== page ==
Protecting wetlands is worth red tape (copy)

Teal in the Santee Delta. (File)

Golf and fishing are the headliners of outdoor activities in the Charleston area, but by no means are they the limit of recreational opportunities. There are plenty of options to get outside, have some fun and break a sweat beyond the mainstream sports.

Paddle power

If the idea of jumping onto a paddleboard seems a bit daunting and the learning curve just a little too steep, there are more traditional ways of getting around the creeks, inlets and rivers. The Lowcountry has an abundance of options for any kayak or canoe enthusiast. Saltwater, blackwater and overnight expeditions can be found. Kayak tours of Shem Creek and the Charleston Harbor are offered daily.


If you’ve got a passion for birds, you’ve come to the right place. Cape Romain, the Francis Marion National Forest or the ACE Basin have some of the best bird-watching in the Southeast. The Center for Birds of Prey in Awendaw, which gives visitors insight into the lives of nearly 50 species of birds of prey, including eagles, hawks, owls, falcons, kites and vultures, is not to be missed. Birding also is excellent in the remote Santee Delta north of McClellanville. It is the largest delta on the East Coast, and much of it is part of a state Wildlife Management Area with trails.

Horseback riding

A carriage tour of downtown Charleston is not the only horse transportation available to residents and visitors. Seabrook Island Equestrian Center offers trail rides, including along the beach. If you have your own horse, the Mullet Hall Equestrian Center on Johns Island has one of the few public equestrian trail systems in the Lowcountry. Enjoy 20 miles of trails winding through Southern pines and moss-draped oaks.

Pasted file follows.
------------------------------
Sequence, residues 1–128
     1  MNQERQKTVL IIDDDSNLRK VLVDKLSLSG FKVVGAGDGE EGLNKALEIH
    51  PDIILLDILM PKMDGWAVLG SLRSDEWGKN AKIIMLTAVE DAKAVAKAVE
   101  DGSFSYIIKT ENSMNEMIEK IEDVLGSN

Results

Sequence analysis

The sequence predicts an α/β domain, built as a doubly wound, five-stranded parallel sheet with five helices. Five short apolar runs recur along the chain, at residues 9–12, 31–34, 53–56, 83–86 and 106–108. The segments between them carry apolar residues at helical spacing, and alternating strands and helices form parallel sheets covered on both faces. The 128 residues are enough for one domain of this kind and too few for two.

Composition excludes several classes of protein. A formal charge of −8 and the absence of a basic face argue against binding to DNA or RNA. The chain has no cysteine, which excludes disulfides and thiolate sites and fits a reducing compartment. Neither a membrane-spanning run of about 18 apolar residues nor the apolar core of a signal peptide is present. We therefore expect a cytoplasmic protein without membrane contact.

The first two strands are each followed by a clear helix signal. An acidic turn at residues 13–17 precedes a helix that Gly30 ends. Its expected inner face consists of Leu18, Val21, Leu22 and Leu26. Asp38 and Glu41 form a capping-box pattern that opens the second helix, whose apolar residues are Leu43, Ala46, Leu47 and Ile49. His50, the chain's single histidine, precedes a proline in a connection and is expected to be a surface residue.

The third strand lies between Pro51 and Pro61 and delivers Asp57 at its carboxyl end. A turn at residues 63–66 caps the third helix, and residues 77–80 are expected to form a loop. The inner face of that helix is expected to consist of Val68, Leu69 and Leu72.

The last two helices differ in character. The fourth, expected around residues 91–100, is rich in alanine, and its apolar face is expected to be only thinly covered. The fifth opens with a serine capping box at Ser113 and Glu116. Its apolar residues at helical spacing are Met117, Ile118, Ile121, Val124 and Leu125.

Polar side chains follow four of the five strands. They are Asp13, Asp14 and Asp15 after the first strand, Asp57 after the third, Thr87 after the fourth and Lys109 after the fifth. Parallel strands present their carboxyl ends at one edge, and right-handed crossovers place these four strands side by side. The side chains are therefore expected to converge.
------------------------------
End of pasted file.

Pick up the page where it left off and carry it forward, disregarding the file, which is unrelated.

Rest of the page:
Outdoor shooting range

If an indoor shooting range feels bit claustrophobic, there are outdoor options. The Francis Marion National Forest offers two range facilities for still target shooting: Boggy Head, located just north of Moncks Corner; and Twin Ponds, located off U.S. Highway 17 in Awendaw. The ranges have large sand hills behind the targets, along with shooting tables, and were designed with firearm enthusiasts in mind and can accommodate pistols, rifles or shotguns. But don’t forget to bring your own paper targets.


If the tourists and crowds get to be a little much, there are plenty of hiking trails just a short drive from downtown Charleston.

Some of the best trails can be found after a short ferry ride to Bull's Island, which is part of the Cape Romain National Wildlife Refuge. Nearby is the Francis Marion National Forest and the Palmetto Trail. Off the beaten path is the Caw Caw County Park in Ravenel, which was once the site of several working rice plantations carved into a cypress swamp. Edisto Beach State Park features the Spanish Mount Trail, which leads to a native American shell mound that dates back more than 2,000 years.


There are plenty of camping options in the Lowcountry. One of the most popular spots is the James Island County Park, which offers traditional camping, RV camping and recreational cottages. Other nearby campgrounds include Bull’s Island, and Edisto Beach and Hunting Island state parks, which all are beachfront locales. The Buck Hall Recreation area near McClellanville has camping and easy access to the Intracoastal Waterway.

Off-road trails

The trails in Charleston aren’t just for walking, backpacking or going on horseback. There are thousands of acres of off-road parks, ATV trails and dirt bike trails. One of the best places to go is Wambaw Cycle Trail in the Francis Marion National Forest, which features more than 40 miles of sandy trails that loop through mixed pine and hardwood woodlands.

Reach Andrew Miller at 843-937-5599. Follow him on Twitter @APMILLER_PandC